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With the construction of the AMULET3i system, the groups work moved outwards in the system to encompass peripherals and interconnect design in addition to the processor core. In the AMULET3i system the SoC interconnect was provided by a shared, bidirectional (tristate) asynchronous system bus called MARBLE. More recently we have moved from using bundled data to delay-insensitive signalling, and from shared buses to on-chip networks with the development of CHAIN.
Our first-generation asynchronous SoC interconnect was a shared system bus, using separate multipoint channels for each of the address and (bidirectional) data paths. The single-rail, bundled data scheme was used throughout, with tristate lines for the datapath and centralised OR gates used to combine the individual device signalling wires to generate the bus request and acknowledge signals. Centralised address-decoding and (pipelined/hidden) arbitration were used. In this respect MARBLE was a direct asynchronous equivalent for the synchronous buses of the time. However, the key distinguishing features were firstly its clock-less operation, and secondly its use of split-transactions for EVERY transfer.
John Bainbridge's PhD describing the MARBLE Bus won the BCS Distinguished Disseration Award. John's PhD thesis is available online or in hardback published format (ISBN 1-85233-598-X) from Springer Verlag.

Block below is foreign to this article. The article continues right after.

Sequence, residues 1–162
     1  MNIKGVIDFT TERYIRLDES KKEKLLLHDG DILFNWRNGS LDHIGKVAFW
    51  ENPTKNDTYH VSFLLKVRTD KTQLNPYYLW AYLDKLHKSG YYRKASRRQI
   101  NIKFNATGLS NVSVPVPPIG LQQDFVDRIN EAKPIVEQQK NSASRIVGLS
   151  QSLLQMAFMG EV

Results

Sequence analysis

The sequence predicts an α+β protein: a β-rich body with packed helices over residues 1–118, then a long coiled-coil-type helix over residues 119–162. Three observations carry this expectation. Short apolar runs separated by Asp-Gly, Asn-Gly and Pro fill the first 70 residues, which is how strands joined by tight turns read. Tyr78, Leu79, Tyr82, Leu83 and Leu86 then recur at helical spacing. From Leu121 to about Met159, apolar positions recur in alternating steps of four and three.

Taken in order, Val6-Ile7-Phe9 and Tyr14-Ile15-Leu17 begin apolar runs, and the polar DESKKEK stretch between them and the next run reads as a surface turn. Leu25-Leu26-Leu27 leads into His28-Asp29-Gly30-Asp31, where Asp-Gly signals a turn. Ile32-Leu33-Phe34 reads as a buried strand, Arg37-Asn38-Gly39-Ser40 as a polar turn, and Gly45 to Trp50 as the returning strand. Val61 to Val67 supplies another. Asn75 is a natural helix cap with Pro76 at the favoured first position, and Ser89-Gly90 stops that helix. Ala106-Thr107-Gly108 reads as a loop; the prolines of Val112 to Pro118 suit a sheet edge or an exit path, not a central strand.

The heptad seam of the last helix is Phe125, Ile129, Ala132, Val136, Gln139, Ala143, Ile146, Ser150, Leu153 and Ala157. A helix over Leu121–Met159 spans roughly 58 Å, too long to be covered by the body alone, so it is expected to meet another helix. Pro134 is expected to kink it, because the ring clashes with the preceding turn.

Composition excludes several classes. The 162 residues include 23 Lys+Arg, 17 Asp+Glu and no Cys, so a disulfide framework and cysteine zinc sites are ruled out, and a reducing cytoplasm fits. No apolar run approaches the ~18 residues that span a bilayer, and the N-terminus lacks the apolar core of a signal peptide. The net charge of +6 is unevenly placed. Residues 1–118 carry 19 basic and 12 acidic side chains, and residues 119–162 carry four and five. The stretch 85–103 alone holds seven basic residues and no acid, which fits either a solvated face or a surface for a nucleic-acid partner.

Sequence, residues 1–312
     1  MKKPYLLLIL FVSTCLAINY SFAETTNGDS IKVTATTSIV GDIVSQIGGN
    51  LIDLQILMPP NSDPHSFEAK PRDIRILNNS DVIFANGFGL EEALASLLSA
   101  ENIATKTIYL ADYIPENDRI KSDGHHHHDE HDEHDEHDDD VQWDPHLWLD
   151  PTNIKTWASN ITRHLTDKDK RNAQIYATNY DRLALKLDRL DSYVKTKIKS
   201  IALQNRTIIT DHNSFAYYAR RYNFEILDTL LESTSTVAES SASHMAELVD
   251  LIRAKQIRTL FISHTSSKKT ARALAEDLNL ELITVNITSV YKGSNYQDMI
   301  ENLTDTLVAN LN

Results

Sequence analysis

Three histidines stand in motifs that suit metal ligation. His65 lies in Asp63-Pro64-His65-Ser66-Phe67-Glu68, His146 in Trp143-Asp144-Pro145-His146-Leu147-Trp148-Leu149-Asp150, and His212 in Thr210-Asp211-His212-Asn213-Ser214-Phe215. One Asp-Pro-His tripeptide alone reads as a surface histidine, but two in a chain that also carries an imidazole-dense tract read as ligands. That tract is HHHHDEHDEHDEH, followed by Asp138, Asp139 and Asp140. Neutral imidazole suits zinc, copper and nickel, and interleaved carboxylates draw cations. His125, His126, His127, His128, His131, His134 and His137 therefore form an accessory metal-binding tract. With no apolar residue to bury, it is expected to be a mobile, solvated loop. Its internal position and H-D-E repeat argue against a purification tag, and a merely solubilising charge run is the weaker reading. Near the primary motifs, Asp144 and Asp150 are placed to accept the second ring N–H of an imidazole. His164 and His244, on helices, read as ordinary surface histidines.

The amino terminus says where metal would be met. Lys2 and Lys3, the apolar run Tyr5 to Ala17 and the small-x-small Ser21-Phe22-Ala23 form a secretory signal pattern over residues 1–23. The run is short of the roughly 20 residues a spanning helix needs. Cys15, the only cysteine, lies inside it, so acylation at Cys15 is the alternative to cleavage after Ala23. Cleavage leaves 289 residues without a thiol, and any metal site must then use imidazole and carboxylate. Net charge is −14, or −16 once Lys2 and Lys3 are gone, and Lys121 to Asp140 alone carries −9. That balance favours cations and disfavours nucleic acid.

MARBLE used single-rail signalling and was therefore subject to the same timing validation problems as are synchronous buses. As a result our efforts moved towards delay-insensitivity and distributed on-chip networks to provide more flexible interconnect with guaranteed timing closure.
CHAIN is our self-timed Network-on-Chip (NoC) architecture. It uses fine-grained pipelining of narrow links with low-cost switch-nodes to allow a range of network topologies and peformances. CHAIN has been used in one of our smartcard chips.
- Network Modelling
An MSc project completed by Will Lovett constructed a Java based modelling tool for investigation of different CHAIN network topologies. Will's MSc thesis is available online.
- One of the issues in any NoC is guaranteeing service qualities. This is particularly tricky in asynchronous systems where deadlock/blocking is a possibility. Tomaz Felicijan is currently looking at this for his PhD work.
We are looking at ways of deploying asynchronous interconnnect when combined with synchronous IP blocks, a methodology often referred to as Globally Asynchronous Locally Synchronous (GALS) design. Our work in this area (and some of the above) is part of a joint project with Cambridge University.